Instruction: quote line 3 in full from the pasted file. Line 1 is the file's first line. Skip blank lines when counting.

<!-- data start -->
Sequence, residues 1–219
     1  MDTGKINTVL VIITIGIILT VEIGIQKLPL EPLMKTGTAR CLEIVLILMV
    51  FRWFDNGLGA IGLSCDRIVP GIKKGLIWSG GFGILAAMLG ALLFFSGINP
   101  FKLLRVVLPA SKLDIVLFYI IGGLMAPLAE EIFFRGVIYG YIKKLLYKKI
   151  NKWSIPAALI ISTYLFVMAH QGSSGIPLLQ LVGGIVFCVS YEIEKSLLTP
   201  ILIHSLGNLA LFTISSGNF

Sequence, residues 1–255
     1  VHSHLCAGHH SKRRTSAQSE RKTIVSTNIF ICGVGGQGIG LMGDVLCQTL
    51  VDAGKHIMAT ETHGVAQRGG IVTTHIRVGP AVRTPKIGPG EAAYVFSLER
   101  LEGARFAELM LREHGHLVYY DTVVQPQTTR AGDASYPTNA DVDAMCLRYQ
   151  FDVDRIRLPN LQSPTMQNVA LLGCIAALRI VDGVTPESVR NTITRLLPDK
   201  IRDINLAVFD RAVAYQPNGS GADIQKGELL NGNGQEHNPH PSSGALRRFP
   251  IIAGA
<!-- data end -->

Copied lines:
    51  FRWFDNGLGA IGLSCDRIVP GIKKGLIWSG GFGILAAMLG ALLFFSGINP